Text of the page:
Add support for reserved word column names with ActiveRecord
Ruby
Fetching latest commit…
Cannot retrieve the latest commit at this time.
Permalink
Failed to load latest commit information.
db
gemfiles
lib
spec
.document
.gitignore
.rspec
.rvmrc
Appraisals
Gemfile
LICENSE
NEWS.rdoc
README.rdoc
Rakefile
safe_attributes.gemspec

README.rdoc

SafeAttributes

By default Rails/ActiveRecord 3 creates attribute accessors for all database table columns in each model. Columns with specific names cause errors because they result in ActiveRecord redefining a key method within either Ruby or ActiveRecord in an incompatible way. A classic example is any table with a column named 'class', though there are other possible examples. Put simply, this gem makes it easier to support a legacy database schema with ActiveRecord.

Using this gem enhances ActiveRecord to change the default behavior for the creation of attribute accessors. Instance methods in ActiveRecord::Base, except for 'id', are combined into a list. This list is checked before the creation of two types of attribute accessors: attribute() and attribute=().

You can add to this list by calling bad_attribute_names with a list of method names you do not want generated. Rails generates additional methods that this module does not prevent the creation of:

  • attribute_before_type_cast

  • attribute_changed?

  • attribute_was

  • attribute_will_change!

  • attribute?

These largely should not run afoul of Ruby or ActiveRecord in most cases.

Accessing Attributes

To access an attribute in ActiveRecord without its normal getter or setter you can use a couple of different approaches.

  • model_instance # works as both getter and setter like a hash

  • model_instance.read_attribute('attribute')

  • model_instance.write_attribute('attribute', value)

You can read more about reserved words and magic field names on Rails' wiki pages.

Validations

By including safe_attributes, an instance method read_attribute_for_validation is defined in a way that will work for all attributes instead of the default implementation that relies upon the default accessors. In other words, `validates_presence_of :class' will work as of version 1.0.3.

Installing

gem install safe_attributes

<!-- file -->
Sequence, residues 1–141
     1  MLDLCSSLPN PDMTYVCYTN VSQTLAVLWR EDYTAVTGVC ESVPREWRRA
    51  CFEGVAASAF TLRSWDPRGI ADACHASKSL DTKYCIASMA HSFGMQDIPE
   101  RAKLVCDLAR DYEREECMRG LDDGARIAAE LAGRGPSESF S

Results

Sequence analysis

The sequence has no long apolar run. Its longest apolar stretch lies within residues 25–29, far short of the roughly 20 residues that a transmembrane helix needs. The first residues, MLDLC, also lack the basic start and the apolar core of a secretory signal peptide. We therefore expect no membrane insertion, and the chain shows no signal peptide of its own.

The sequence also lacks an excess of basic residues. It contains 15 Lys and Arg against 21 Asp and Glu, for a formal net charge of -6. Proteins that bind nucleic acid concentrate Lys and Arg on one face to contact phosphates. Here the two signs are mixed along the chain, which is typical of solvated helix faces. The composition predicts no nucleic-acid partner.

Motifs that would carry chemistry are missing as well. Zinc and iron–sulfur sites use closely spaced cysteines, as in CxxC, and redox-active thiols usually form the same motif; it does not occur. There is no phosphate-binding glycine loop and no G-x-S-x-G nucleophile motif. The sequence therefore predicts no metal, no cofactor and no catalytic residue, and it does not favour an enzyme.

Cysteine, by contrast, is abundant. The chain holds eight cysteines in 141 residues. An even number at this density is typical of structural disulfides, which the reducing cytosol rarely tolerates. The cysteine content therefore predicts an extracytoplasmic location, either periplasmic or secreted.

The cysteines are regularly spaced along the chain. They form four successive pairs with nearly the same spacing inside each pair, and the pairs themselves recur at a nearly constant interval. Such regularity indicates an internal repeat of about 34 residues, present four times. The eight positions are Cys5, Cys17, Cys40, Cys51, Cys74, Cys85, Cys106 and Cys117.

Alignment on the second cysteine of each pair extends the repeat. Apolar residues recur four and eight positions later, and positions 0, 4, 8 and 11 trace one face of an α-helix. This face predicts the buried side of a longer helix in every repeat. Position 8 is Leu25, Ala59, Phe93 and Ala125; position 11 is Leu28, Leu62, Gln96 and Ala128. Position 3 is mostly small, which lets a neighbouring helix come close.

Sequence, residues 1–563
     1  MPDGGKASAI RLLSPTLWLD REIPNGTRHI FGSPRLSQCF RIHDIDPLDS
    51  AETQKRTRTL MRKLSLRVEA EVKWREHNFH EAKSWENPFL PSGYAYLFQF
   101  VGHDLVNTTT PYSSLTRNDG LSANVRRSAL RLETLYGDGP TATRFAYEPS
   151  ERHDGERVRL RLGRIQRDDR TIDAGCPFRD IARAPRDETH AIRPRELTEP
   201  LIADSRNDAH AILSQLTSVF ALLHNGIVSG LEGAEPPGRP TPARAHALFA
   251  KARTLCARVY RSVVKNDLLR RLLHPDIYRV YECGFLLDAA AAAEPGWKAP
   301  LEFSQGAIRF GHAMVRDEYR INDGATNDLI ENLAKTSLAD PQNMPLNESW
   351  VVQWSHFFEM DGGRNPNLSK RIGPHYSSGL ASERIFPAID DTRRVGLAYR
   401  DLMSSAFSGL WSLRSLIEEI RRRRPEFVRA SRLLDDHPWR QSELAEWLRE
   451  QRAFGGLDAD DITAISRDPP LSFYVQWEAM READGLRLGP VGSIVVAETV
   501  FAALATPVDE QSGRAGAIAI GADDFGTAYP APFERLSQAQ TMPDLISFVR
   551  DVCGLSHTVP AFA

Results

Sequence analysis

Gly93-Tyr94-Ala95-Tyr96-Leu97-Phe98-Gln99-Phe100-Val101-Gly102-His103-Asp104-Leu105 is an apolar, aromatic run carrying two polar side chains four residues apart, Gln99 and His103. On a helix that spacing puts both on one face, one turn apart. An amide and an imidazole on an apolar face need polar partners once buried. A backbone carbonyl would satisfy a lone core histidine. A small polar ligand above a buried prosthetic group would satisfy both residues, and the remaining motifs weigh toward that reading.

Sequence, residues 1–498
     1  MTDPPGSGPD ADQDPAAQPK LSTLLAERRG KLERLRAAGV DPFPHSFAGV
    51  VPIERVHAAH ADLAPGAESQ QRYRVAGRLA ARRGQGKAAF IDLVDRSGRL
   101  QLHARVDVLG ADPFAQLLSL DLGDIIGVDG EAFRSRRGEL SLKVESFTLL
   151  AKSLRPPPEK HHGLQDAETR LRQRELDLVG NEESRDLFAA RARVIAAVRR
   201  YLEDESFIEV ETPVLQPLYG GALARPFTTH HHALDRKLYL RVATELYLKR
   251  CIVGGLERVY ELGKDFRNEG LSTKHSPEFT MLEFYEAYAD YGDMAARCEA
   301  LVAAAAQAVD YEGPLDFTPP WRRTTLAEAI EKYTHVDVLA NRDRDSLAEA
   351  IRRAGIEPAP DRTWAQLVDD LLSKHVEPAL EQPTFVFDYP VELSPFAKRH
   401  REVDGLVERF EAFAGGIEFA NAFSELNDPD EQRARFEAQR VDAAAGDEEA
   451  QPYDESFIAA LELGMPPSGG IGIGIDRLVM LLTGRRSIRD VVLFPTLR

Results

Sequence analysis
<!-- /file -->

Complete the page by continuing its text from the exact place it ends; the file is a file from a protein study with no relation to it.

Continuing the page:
If you do not have the newest version of ActiveRecord, rubygems will attempt to install it for you. This can result in an error like below.

ERROR:  Error installing safe_attributes:
  activemodel requires activesupport (= 3.0.3, runtime)

You can use this gem with activerecord and activesupport >= 3.0. If you already have an appropriate version of activerecord and activesupport installed then use –ignore-dependencies to avoid this error. If you have the latest version already then the gem should install without issue using the recommended approach above.

Using

Ruby

This gem has been tested with:

  • Ruby Enterprise Edition 1.8.7 2012-02-08

  • Ruby 1.9.3p374

  • JRuby 1.7.2

Rails

Add safe_attributes to your Gemfile.

gem 'safe_attributes'

SafeAttributes is included into ActiveRecord::Base automatically. While nothing else should be necessary, you can still add to the list of bad attributes if you find it necessary. This list is a list of method names not to generate.

class MyModel < ActiveRecord::Base
  bad_attribute_names :my_attr
  validates_presence_of :my_attr
end

If you do not want SafeAttributes to be automatically included into ActiveRecord::Base, then instead add this to your Gemfile.

gem 'safe_attributes', :require => 'safe_attributes/base'

You will then need to include the SafeAttributes::Base module into any model you wish to have this functionality.

Outside of Rails

require 'safe_attributes/base'
class MyModel < ActiveRecord::Base
  include SafeAttributes::Base
end

Caveats

It is virtually impossible to have a column named 'attribute' in your schema when using ActiveRecord. After spending some time trying to make it work I've come to the conclusion the only way to support this will be to change the tactic I'm using entirely, and likely to get the developers of ActiveRecord to agree to a patch.

Note on Patches/Pull Requests

  • Fork the project.

  • Make your feature addition or bug fix.

  • Add tests for it. This is important so I don't break it in a future version unintentionally.

  • Commit, do not mess with rakefile, version, or history. (if you want to have your own version, that is fine but bump version in a commit by itself I can ignore when I pull)

  • Send me a pull request. Bonus points for topic branches.

Copyright

Copyright © 2010,2011,2012,2013 C. Brian Jones. See LICENSE for details.

Thanks

  • Jaime Bellmyer - kconrails.com

  • James Brennan

  • Billy Watson

  • Jean Boussier